chaperone

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English[edit]

Etymology[edit]

See chaperon.

Pronunciation[edit]

Noun[edit]

chaperone (plural chaperones)

  1. An older person who accompanies other younger people to ensure the propriety of their behaviour, often an older woman accompanying a young woman.
  2. (biochemistry) A protein that assists the non-covalent folding/unfolding and the assembly/disassembly of other macromolecular structures, but does not occur in these structures when the latter are performing their normal biological functions.
  3. (UK, business) An employee sent by a British company to the European Union to work with a client there, to circumvent restrictions imposed after Brexit.

Derived terms[edit]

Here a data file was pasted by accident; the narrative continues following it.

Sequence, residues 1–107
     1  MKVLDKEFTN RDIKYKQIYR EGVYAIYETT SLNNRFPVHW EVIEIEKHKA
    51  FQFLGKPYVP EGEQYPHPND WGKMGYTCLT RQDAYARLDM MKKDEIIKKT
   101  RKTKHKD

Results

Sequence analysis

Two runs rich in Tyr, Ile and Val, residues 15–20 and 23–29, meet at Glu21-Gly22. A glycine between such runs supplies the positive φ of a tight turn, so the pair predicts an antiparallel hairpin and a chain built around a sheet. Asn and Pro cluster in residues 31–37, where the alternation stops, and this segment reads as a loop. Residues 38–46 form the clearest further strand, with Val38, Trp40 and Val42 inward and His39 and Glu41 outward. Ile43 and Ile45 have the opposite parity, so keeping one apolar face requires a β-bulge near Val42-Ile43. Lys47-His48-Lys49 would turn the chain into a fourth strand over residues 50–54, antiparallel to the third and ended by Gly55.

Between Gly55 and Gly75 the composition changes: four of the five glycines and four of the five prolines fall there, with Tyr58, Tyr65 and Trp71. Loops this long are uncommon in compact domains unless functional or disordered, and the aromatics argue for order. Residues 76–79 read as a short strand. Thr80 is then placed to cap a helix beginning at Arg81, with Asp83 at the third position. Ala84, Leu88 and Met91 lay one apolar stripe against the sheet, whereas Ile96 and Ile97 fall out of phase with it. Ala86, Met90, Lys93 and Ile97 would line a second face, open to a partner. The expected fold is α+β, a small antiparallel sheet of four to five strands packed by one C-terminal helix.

Translations[edit]

Verb[edit]

chaperone (third-person singular simple present chaperones, present participle chaperoning, simple past and past participle chaperoned)

  1. To act as a chaperone.
    • 1912, George Bernard Shaw, “Act V”, in Pygmalion[1]:
      DOOLITTLE [] If it had been only one of them, you could have nailed him. But you see, there was two; and one of them chaperoned the other, as you might say.
    • 2006, The New Yorker, 17 April 2006, page 27.
      'Purcell had volunteered to chaperone a delegation of female students'
    • 2021 June 30, Tim Dunn, “How we made... Secrets of the London Underground”, in RAIL, number 934, pages 48-49:
      TfL has more than enough to be getting on with each day without having to chaperone TV crews.
  2. (UK, business) To work as a chaperone.

Translations[edit]

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